Stamp Duty is paid by the buyer of any property and can cost thousands of pounds.
This is a permanent cut to the Stamp Duty threshold of how much a property has to cost before stamp duty is paid. Before the announcement, one had to pay Stamp Duty on any property above £125,000. That threshold has been increased to £250,000.
As stamp duty is paid on completion, anyone currently buying a property will benefit from this as it is applicable from today on any house purchase in England and Northern Ireland.
Anyone buying a second home will also save this money (although they will still have to pay the additional 3% levy for second homes)
Stamp Duty now starts at £250,001 at 5% for next £675,000 (the portion from £250,001 to £925,000).
You only pay 5% on the amount over £250,000 (ie If you buy a house for £325,000, you only pay 5% on the difference between £325,000 and £250,000 i.e. £75,000 - 5% of £75,000 is £3,750)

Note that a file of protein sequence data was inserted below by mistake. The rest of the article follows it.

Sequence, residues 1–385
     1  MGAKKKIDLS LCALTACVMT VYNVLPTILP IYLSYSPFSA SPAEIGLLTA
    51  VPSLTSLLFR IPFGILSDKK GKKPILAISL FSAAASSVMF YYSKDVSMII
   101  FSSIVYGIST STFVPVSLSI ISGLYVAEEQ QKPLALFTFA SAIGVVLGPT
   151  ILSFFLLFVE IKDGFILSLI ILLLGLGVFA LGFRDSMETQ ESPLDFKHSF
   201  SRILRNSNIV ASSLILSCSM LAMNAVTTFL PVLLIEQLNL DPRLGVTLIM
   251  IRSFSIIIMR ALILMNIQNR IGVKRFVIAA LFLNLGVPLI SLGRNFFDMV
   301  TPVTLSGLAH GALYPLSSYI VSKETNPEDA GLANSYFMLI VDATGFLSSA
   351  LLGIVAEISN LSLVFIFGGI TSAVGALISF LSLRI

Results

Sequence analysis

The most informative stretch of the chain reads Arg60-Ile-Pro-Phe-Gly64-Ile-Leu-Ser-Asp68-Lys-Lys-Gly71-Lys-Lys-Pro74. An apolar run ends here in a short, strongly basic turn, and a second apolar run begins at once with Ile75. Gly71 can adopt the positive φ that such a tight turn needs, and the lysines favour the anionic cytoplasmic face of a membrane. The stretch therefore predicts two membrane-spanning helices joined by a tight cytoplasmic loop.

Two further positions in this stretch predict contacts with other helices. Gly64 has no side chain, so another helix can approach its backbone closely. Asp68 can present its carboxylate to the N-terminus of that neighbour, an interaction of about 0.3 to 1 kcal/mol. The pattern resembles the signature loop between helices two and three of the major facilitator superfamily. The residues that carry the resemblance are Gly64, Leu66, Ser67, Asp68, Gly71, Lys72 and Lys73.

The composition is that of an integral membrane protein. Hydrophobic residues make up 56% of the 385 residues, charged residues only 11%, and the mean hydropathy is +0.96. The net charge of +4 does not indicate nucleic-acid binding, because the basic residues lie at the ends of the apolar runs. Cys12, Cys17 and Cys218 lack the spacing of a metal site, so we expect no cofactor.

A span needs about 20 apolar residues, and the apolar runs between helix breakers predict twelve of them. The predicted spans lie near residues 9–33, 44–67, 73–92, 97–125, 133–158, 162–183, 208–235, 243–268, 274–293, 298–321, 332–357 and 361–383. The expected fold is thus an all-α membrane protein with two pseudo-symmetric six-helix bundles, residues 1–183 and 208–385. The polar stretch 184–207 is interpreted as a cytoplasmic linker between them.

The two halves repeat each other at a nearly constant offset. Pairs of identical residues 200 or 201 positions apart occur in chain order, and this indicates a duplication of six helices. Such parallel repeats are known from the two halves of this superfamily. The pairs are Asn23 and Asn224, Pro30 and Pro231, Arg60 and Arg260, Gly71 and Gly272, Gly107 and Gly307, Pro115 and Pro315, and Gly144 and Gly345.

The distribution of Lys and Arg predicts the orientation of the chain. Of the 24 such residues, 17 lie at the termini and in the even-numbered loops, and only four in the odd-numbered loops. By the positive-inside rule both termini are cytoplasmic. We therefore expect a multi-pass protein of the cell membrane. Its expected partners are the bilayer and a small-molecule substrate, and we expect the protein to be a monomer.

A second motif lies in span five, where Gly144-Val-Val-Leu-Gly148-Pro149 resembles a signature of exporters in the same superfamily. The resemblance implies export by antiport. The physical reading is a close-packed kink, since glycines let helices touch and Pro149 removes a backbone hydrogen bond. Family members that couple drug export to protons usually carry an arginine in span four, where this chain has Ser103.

Liz Truss and the Chancellor Kwasi Kwarteng believe that cutting stamp duty will support economic growth by encouraging more people to move home or jump on the property ladder.
Stamp Duty also decreases labor market elasticity as it curtails people from selling up and buying elsewhere, where the jobs are.
This is great news for anyone looking to move home in the next few months as it will save them up to £2,500, money that could be used to make the house move easier
The government also committed to helping first-time buyers get on the property ladder in two ways. Firstly, by increasing the level first-time buyers start paying stamp duty from £300,000 to £425,000.
In addition, the government is allowing first-time buyers to access the relief when they buy a property costing less than £625,000 rather than the current £500,000.
According to the Chancellor, these measures will reduce stamp duty bills across the board for all movers by up to £2,500 with first-time buyers able to access up £11,250 in relief.
The announcement comes less than 24 hours after the Bank of England raised the interest base rate to 2.25%.